Brother's sudden death spurs Darren to run

June 30 2017

A CADBURY Heath man is running a half marathon for charity after his fit and healthy brother died following a stroke at the age of 41.

A CADBURY Heath man is running a half marathon for charity after his fit and healthy brother died following a stroke at the age of 41.

Darren Wilshire says his brother Steve's death, in May last year, has devastated his family because it came completely out of the blue.

In fact, at the time of his death, Steve had been in such good health he had been training for  a 10k run to raise money for charity.

Now Darren wants to raise awareness of the work of the Stroke Association which helps fund research into the medical condition.

He will be running the Cheltenham half marathon this autumn and hopes to raise as much money and awareness as possible to support the charity's work.

Darren, 35, who works in the catering department at the BRI, said: "There's lots of cancer charities out there but not so much information out there for people about how strokes can affect your life.

"I work in a hospital and see the impact strokes can have every day. Even if people survive a stroke, sometimes their lives are never fully the same again. My heart breaks every time I see someone who has been affected because I've been through it all with my brother."

Steve, who was from Cadbury Heath but lived in Kent at the time of his death, was in a coma following his stroke but sadly died three weeks later. 

He was taken to hospital and diagnosed quickly but the stroke had been severe.

"Steve was a fit and healthy guy with no health problems or family history of strokes so it came as a huge shock to us all," Darren said.

"It's really opened my eyes to the fact that no matter how fit and healthy you are, you can still have a stroke."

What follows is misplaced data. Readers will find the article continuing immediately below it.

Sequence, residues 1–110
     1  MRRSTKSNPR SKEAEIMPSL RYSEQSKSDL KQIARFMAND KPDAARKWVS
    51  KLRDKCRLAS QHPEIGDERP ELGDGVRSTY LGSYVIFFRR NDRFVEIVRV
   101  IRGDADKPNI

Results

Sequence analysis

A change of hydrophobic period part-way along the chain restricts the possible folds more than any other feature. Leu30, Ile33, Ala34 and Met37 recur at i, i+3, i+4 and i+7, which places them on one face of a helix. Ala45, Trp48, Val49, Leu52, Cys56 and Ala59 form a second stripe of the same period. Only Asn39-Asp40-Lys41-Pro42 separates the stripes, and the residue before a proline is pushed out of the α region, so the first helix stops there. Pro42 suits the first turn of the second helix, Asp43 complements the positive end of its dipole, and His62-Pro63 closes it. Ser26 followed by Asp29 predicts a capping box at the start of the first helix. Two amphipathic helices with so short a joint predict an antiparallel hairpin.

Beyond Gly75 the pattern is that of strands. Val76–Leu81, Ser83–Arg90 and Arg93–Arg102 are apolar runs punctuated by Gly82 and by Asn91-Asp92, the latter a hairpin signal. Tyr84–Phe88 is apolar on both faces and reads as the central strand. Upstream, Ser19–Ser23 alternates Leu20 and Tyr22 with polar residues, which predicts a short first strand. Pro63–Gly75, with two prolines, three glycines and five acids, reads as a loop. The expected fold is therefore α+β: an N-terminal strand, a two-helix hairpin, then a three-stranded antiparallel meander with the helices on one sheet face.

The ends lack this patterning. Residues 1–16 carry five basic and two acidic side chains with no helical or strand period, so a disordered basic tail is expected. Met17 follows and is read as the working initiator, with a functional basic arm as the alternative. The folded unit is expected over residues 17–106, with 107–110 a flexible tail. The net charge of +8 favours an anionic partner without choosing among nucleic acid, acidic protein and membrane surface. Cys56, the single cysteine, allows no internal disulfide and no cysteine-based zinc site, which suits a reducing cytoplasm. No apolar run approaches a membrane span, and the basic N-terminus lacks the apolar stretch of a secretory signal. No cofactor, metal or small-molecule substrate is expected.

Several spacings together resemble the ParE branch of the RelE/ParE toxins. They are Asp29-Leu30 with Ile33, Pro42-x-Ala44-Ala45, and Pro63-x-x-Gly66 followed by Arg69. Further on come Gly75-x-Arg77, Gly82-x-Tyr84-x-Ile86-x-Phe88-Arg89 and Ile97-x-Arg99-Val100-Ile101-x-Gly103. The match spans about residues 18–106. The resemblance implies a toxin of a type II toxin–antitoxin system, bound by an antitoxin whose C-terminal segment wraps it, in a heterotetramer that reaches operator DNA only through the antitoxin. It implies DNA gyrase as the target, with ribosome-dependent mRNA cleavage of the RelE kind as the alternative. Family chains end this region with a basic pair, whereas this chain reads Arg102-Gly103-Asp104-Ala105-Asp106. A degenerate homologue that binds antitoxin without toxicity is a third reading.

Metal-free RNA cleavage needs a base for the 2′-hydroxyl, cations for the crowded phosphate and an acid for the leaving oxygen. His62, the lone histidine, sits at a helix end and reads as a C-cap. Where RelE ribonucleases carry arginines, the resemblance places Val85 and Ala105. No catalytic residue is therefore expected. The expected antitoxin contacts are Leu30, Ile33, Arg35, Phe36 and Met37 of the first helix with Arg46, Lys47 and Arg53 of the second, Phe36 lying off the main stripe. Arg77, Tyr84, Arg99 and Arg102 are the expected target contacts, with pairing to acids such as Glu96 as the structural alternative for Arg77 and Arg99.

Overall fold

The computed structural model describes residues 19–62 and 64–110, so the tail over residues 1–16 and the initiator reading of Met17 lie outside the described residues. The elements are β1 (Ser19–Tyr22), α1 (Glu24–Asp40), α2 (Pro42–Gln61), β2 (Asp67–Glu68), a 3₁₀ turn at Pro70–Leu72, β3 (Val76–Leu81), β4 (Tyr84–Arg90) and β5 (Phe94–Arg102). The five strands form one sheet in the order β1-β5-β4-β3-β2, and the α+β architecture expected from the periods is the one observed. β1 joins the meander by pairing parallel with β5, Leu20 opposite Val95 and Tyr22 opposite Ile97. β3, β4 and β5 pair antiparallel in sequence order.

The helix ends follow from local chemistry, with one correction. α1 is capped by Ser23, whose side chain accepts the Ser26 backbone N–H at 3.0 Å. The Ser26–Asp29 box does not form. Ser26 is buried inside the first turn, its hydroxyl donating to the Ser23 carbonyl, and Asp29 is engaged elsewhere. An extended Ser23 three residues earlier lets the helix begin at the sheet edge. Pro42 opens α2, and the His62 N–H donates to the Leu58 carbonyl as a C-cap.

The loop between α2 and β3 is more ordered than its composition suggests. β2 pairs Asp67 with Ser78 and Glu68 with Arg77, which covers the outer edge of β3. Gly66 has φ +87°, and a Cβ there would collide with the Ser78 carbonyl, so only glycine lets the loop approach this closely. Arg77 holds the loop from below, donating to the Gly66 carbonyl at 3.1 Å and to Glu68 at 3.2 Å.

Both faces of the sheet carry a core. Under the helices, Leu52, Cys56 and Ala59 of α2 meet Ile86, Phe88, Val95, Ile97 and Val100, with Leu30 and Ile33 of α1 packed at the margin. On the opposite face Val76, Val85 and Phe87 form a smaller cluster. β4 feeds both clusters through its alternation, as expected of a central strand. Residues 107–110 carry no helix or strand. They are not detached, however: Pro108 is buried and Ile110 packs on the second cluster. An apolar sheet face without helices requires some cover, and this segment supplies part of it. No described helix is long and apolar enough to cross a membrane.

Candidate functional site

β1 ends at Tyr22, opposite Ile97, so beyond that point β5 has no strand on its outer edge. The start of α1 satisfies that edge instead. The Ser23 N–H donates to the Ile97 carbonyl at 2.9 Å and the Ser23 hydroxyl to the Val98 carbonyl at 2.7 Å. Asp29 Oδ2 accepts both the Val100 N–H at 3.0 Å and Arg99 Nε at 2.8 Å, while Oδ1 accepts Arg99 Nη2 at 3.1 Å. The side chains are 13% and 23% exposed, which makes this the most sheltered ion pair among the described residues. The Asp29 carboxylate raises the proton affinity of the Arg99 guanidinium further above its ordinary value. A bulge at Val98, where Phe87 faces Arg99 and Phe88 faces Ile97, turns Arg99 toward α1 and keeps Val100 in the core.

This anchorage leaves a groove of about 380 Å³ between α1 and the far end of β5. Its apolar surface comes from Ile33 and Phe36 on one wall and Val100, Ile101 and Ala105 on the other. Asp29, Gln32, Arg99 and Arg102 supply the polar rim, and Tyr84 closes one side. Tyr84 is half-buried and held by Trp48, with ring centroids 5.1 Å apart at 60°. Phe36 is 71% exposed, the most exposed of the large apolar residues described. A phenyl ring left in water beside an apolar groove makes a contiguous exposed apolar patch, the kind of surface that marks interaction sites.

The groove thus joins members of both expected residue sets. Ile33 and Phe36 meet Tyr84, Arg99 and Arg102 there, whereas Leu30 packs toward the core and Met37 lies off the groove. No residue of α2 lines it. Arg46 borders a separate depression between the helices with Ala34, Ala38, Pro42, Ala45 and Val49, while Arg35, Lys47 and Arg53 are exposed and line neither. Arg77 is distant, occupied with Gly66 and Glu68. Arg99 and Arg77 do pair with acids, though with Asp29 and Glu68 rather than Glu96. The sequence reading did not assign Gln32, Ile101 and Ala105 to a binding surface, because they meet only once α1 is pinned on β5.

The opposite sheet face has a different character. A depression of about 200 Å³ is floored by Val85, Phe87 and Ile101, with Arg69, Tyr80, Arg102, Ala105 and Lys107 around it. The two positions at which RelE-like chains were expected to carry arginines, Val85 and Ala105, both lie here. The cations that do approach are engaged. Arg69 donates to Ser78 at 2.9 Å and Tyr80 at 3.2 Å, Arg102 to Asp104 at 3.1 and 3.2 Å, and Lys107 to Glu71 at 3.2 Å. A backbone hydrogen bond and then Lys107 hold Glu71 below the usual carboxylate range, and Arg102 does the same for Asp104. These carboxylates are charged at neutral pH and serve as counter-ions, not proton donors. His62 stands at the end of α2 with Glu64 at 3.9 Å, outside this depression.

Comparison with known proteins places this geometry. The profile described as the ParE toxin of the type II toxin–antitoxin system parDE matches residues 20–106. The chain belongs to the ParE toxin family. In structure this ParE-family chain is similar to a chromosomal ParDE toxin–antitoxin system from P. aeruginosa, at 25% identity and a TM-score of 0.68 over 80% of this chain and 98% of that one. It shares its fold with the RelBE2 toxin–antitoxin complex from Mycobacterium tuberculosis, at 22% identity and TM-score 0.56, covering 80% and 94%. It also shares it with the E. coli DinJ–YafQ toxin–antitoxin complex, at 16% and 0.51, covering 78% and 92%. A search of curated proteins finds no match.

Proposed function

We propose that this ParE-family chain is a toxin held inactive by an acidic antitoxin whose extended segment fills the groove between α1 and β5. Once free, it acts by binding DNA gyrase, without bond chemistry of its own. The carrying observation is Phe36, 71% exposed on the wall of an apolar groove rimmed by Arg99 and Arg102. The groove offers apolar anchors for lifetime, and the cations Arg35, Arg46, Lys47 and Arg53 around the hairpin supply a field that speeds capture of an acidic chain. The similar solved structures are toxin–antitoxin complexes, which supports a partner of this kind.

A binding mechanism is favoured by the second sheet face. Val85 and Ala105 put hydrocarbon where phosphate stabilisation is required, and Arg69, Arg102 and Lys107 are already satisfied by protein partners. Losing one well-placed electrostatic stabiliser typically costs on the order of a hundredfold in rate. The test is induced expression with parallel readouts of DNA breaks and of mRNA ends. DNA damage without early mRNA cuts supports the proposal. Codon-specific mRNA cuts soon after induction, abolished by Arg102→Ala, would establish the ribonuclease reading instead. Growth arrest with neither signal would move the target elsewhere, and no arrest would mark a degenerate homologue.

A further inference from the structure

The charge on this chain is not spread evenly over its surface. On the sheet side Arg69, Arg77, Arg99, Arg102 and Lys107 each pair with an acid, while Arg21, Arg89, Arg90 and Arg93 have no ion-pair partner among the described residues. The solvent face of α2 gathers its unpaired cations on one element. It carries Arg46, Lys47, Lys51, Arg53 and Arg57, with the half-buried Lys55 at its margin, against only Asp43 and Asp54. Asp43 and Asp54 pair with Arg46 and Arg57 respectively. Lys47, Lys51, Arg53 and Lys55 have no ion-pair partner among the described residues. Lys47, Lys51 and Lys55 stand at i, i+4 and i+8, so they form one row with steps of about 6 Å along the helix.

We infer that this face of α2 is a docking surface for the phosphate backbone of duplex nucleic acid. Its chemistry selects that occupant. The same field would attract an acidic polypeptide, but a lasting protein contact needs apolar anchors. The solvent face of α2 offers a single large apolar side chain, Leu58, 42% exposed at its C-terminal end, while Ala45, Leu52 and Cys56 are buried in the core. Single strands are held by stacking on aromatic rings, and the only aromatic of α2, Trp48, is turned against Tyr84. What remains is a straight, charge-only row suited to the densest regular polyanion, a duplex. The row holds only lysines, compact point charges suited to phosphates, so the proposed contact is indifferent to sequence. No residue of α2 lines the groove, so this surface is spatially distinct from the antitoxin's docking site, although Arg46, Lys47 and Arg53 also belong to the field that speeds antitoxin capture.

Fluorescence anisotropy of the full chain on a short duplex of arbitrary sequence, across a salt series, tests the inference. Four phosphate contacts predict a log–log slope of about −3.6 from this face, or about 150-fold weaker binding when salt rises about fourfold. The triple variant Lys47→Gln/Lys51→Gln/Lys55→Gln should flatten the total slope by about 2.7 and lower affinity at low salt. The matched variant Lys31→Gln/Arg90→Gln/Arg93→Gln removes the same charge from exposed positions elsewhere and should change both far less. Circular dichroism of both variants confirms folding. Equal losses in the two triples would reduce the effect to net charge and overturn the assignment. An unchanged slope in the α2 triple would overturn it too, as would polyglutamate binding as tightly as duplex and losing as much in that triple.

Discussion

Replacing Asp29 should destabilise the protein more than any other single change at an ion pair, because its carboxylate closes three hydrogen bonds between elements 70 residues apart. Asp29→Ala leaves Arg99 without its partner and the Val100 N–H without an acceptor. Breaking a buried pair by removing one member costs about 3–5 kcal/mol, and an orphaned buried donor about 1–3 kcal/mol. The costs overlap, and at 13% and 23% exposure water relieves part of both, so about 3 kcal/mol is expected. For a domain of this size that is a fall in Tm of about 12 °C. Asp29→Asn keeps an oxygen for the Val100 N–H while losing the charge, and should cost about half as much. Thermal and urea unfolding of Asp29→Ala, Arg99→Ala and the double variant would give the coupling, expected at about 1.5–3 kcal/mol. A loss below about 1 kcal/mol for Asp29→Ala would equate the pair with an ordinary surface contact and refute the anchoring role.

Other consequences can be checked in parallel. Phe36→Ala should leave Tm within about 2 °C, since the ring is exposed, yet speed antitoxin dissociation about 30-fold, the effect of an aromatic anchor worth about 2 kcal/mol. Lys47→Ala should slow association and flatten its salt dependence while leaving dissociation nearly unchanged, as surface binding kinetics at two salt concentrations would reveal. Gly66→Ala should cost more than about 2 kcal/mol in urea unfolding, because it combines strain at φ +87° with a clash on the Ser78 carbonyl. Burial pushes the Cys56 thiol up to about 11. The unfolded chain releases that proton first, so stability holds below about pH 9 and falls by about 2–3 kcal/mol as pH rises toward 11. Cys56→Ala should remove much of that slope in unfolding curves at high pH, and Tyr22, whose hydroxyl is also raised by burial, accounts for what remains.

Steve had been due to run in a 10k race in aid of diabetes just three days after he died but remarkably Darren took his place as a tribute to his brother.

"I'm a keen runner and usually run five or six half marathons every year. Steve wanted to run one and asked my advice. He signed up for a 10k run in Kent but died just before he was due to take part.

"I felt I wanted to run it in his memory, which I did and gave my medal and tee-shirt to Steve's ten-year-old son, Owen." 

Although Steve's funeral was held in Kent, Darren helped organise a balloon and Chinese lantern launch in Cadbury Heath a few days later so friends in the area could pay their respects.

Darren said: "People who grew up with Steve but couldn't make it to Kent came along to say goodbye to him. It was really emotional."

Darren, who has another brother and two sisters, has been training for the 13.1 mile half marathon on Sunday October 1 by running home from the BRI several times a week as well as working out in the gym.

"I'm an active guy anyway," he said.

"I've run the Bristol half marathon for the last four years but I wanted to run a course I'd not done before so it would offer a bit more of a challenge, which is why I opted to try Cheltenham.

"I don't put myself under pressure by saying I'm going complete it in a certain time. I just want to go at my own pace and at the same time raise awareness and some money on Steve's behalf."

Darren, who lives with partner Katie, will be running with his prized possession - a football pendant containing his brother's ashes.

"I usually keep it in my wallet as I know it's safe there but I will put it on a chain and wear it during the run. I'll know that part of him is running with me."

If you would like to support Darren, you can donate by visiting

Darren is interested in hearing from anyone who could  join him in the half marathon in support of the Stroke Association. Email